How do high-altitude residents and deep-water divers thrive where others cannot?
UBC Professor Phil Ainslie’s research has taken him from extreme mountain peaks, to the wild edges of the globe and to the cold depths of the ocean. His quest is to understand why and how some thrive in conditions that make the average person extremely ill, according to a UBCO news release.
A Canada Research Chair in Cerebrovascular Physiology in Health and Disease, Ainslie has spent his career studying hypoxia—reductions in oxygen tension, content (hemoglobin) or both. When the brain and other organs are deprived of oxygen or blood, a person may become ill, suffer permanent damage or even die.
Understanding the physiology and genetics of human hypoxia tolerance has important medical implications, says Ainslie, a professor in the School of Health and Exercise Sciences.
“So far this phenomenon has been poorly investigated in high-altitude human populations such as Nepal’s famous Sherpa, and to an even lesser extent in unique populations of free-hold divers,” he said. “Some of the freedivers we’ve studied can hold their breath a remarkable 25 minutes. And they willingly put themselves in the most severe state of hypoxia for either spear-fishing or breath-holding competitions.”
While working with some of the world’s best free divers based in the Mediterranean, Ainslie’s team explored how their lungs, hearts and brains respond to extreme reductions in oxygen tension, and how they were able to train their bodies to withstand such pressures.
In a study published this spring in Experimental Physiology, his team outlined the relevant physical characteristics and mechanisms that make extreme breath-holds possible for people participating in competitive apnoea. Ainslie states a better understanding of these factors during seemingly insurmountable voluntary breath-hold situations is relevant for many reasons including a safety and medical point of view.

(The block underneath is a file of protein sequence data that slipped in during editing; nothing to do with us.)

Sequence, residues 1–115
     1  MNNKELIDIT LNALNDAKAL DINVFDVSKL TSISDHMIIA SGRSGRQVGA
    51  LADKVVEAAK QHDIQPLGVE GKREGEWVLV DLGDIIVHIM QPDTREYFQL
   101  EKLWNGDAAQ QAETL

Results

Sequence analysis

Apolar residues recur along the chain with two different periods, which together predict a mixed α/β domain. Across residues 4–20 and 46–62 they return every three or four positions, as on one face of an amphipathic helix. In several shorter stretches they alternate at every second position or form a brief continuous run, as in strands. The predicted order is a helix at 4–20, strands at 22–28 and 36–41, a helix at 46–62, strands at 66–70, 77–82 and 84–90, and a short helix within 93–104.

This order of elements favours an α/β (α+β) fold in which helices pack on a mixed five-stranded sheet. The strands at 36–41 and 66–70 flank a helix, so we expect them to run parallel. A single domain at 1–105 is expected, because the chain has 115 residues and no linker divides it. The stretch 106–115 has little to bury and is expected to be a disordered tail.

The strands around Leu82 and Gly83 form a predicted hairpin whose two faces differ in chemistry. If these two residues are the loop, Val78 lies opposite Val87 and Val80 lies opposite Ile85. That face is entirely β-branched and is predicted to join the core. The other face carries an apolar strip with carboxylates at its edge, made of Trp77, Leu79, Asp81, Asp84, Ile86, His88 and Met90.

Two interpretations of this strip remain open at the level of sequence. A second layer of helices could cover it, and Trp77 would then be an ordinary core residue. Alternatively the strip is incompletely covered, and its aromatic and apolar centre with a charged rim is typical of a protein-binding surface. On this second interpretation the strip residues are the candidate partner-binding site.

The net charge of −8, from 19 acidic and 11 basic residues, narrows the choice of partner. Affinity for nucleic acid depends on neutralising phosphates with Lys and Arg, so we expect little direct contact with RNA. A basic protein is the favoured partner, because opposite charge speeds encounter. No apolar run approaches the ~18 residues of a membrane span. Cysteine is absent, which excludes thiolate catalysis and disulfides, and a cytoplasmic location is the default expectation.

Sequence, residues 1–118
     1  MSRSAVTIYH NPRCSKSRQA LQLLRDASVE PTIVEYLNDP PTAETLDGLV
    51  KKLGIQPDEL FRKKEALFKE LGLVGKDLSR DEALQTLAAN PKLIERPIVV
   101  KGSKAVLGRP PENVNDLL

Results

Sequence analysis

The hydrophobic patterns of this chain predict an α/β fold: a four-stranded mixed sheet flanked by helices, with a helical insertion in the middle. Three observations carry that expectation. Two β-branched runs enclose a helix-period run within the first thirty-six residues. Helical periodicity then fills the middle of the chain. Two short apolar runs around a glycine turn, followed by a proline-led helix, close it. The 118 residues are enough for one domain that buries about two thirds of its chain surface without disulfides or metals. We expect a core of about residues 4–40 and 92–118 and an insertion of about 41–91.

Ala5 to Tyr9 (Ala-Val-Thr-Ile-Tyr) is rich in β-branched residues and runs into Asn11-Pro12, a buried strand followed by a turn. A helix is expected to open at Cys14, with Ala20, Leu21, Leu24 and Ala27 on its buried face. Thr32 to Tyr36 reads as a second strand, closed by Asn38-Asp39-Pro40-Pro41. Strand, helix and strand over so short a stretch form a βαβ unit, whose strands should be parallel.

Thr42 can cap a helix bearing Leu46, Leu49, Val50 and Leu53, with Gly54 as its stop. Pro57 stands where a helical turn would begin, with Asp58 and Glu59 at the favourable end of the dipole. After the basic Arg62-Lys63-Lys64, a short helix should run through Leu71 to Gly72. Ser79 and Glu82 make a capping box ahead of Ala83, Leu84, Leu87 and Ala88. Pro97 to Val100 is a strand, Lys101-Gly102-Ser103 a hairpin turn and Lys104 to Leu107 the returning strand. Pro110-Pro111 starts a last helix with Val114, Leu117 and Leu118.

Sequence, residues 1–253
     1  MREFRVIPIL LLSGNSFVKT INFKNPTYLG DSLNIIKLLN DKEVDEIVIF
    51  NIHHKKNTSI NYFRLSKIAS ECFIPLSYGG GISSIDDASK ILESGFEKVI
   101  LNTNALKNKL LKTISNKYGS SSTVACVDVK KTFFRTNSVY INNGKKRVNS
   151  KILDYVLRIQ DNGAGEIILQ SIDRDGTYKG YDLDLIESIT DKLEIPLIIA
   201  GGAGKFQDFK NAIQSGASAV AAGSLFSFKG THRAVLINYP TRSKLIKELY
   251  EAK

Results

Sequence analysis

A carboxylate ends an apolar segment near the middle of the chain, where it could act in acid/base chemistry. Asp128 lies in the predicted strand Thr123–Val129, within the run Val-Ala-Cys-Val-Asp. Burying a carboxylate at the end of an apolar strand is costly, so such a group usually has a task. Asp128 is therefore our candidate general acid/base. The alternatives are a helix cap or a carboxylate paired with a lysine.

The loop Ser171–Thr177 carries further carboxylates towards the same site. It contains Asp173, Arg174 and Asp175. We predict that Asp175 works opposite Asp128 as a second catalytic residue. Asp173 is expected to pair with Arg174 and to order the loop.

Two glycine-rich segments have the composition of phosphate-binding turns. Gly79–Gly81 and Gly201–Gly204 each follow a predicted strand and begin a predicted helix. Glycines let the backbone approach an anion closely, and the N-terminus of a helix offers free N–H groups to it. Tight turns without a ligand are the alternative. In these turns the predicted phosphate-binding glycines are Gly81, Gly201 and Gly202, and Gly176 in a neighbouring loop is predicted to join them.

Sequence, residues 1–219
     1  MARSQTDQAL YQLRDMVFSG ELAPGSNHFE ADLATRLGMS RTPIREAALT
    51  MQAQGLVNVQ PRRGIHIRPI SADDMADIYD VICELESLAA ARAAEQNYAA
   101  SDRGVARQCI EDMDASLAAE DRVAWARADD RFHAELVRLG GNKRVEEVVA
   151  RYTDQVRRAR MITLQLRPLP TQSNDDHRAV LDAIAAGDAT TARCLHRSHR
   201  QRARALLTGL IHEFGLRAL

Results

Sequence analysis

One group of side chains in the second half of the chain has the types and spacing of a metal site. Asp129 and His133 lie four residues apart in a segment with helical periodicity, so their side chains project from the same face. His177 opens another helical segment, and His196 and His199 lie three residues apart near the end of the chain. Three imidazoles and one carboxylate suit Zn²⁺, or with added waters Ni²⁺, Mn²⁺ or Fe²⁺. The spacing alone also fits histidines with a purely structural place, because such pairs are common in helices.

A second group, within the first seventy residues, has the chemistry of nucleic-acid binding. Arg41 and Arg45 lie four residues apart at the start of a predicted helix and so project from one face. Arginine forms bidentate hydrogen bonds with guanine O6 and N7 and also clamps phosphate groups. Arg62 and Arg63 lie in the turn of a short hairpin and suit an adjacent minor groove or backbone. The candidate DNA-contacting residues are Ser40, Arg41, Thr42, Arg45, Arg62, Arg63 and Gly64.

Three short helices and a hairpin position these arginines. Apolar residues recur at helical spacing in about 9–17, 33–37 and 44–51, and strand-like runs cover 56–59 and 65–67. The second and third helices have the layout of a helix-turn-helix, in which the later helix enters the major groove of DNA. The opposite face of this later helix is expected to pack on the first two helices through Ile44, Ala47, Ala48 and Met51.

“This kind of research is not only important to the elite breath-hold divers, but also for people who live with progressive lung issues from chronic obstructive pulmonary disease (COPD—which includes emphysema, chronic bronchitis, and several strains of asthma), heart failure or people who go into intensive care,” Ainslie says. “This research is important for any groups who have changes in blood flow that affect the delivery of oxygen to various organs as these affect their pathology, their quality of life and their doctor’s ability to treat them.”
The eventual goal of Ainslie’s globetrotting is to understand how some populations can adapt (or maladapt) to their natural habitat, with the aim of coming up with new methods for prevention and treatment of such illnesses.
Conducting research at different altitudes, and on people who have lived at high altitude their entire lives, has led Ainslie and his team to more than 100 research publications related to medicine and physiology. Over the past 15 years, Ainslie and his international team of researchers have travelled to the Himalayas numerous times to study the high altitude-adapted Sherpa population. Research has also taken place at White Mountain, California, and Croatia with free-hold divers. The team is now about to embark on a trip to Peru.
UBC Okanagan PhD candidate Mike Tymko, is organizing the large-scale Peru expedition. While there, the team of more than 45 co-investigators will spend a month at Cerro de Pasco, a mining town at 4,330 metres. Along with several high-altitude studies that will be conducted on native low-landers, they will also work with a group of Andeans who have developed a genetic mutation and live at high altitude with a condition called chronic mountain sickness.
They will conduct 15 research projects involving several different stressors, including pharmacological and exercise interventions.